If You Want to Eat Good Food, Go to Singapore


Whether you have $1 for a snack or $35 for an entrée, Singapore has something for you when it comes to food. The traditional Singaporean cuisine is a blend of cultures that pre-date modern Singapore. It’s a blend of Malay, Indonesia, Chinese, Indian, and a few influences from the West. You can walk along Fullerton Road to find some of the most expensive restaurants in the country. You can also visit one of its hawker centres for a taste of authentic local cuisine.

There are too many places to eat in Singapore . It’s no wonder millions of people flock to this tiny city-state every year to sample its amazing food offerings. But if you truly want a taste of this vibrant city, you should check out authentic Singaporean dishes that will blow you away.

Hainanese Chicken Rice

Perhaps there’s no Singaporean dish more famous than Hainanese chicken rice . Your local Asian restaurant might have this on their menu, but none can do it quite like the chefs from hawker centres. The dish is very simple. It is steamed chicken with rice cooked in savoury chicken stock. You can use at least three dipping sauces—grated ginger with oil, chilli paste, and soy sauce. Mix the three dipping sauces to make a fantastic accompaniment to the dish. Laksa
Again, a local Asian restaurant will have this on their menu, but this is Singapore’s “national dish.” They take pride in how they make their chilli crab. There are many ways to make chilli crab, but the two most popular styles are cooking the crab with spicy tomato chilli sauce or black pepper sauce. Of course, if you want to taste true authenticity, go for the sambal sauce (local chilli and shrimp paste) with tomato paste and scrambled eggs. In some restaurants, the crabs are cooked in a clay pot with vermicelli soup.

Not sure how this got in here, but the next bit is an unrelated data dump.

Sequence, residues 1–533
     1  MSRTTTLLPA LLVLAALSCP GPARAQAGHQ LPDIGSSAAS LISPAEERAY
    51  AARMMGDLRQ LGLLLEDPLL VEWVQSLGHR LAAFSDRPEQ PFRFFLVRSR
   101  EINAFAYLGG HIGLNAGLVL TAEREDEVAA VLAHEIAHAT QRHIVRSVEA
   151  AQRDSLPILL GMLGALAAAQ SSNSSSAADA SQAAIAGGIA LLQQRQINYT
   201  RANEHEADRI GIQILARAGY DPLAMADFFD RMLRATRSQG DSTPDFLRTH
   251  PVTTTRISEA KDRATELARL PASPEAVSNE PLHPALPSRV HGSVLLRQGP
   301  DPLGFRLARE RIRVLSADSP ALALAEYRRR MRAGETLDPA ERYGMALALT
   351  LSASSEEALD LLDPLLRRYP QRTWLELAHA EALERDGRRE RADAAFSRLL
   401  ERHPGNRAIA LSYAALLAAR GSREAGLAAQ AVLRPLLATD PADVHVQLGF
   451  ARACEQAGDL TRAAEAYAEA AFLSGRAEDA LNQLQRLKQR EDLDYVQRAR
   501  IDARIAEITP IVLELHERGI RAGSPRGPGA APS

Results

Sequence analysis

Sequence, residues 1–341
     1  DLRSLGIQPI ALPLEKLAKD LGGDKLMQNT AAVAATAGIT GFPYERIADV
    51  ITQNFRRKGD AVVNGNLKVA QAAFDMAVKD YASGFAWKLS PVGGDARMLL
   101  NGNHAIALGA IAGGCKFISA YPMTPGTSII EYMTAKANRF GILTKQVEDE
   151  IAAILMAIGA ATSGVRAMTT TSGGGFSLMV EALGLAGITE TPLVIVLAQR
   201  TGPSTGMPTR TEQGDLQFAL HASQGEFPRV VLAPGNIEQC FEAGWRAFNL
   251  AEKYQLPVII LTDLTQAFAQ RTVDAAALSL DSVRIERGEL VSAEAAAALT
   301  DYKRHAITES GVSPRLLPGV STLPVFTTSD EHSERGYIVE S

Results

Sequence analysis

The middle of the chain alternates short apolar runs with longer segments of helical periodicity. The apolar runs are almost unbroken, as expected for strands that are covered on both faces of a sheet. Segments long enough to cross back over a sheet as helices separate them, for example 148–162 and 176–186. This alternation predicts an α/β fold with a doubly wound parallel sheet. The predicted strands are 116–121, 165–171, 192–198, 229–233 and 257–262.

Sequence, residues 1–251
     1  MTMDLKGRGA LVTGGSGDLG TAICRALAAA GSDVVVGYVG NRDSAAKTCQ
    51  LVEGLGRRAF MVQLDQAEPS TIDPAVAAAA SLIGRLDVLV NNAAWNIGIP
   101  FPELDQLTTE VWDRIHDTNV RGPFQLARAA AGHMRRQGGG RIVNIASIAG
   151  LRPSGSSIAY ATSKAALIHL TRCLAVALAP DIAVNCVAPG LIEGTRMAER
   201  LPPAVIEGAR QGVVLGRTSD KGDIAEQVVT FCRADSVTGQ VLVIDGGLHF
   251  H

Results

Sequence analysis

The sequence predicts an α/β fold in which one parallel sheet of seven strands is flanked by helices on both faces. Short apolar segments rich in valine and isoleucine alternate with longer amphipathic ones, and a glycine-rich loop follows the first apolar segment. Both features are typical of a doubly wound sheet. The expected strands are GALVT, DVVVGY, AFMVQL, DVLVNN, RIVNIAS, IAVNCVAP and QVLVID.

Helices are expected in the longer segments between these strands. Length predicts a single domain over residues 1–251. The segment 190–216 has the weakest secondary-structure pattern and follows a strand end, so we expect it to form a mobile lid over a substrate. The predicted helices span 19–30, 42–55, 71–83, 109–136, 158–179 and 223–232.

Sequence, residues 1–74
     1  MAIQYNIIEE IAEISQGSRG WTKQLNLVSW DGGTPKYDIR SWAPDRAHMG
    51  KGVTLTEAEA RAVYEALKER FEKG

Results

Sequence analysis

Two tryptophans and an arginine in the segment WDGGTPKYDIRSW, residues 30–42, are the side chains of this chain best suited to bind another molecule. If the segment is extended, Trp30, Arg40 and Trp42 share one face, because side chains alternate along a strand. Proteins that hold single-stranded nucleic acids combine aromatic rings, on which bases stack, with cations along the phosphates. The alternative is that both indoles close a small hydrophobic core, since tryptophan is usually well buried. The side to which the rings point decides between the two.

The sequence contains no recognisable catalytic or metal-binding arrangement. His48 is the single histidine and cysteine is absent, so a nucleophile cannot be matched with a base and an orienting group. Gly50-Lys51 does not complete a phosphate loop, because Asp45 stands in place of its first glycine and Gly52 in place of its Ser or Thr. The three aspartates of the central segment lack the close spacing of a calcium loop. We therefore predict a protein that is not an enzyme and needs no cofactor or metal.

The quality of the crabs is important in this dish. You cannot recreate the dish if you don’t have big and succulent crabs to cook. Singapore’s crabs are local, but some are imported from Indonesia, India, Sri Lanka, the Philippines, and the east coast of Africa.


What better way to honour Singapore’s Malay and Chinese heritage than through laksa? It’s a combination of rice noodles with spicy coconut curry soup. That’s followed by shrimp, fish cakes, eggs, chicken meat, some other protein, and vegetables. In Singapore, you can also find water-based laksa, but coconut curry soup is more popular. There’s no shortage of restaurants serving laksa in Singapore. Every food stall offers a variant of the dish.

Wanton Mee

If you have ever been to Hong Kong, this dish is reminiscent of the island’s wonton soup. It makes sense, too, because this dish is an inheritance from Chinese Cantonese. The only difference is that Singapore’s wanton mee is dry. It is made with yellow egg noodles, wonton dumplings (made with minced pork and shrimp), boiled vegetables, and char siu. They are all mixed in a salty-sweet oyster sauce.

So are you ready to try some of Singapore’s most famous food? Make sure that you’re not on a diet when you visit Singapore. You can never say no to these sumptuous offerings.

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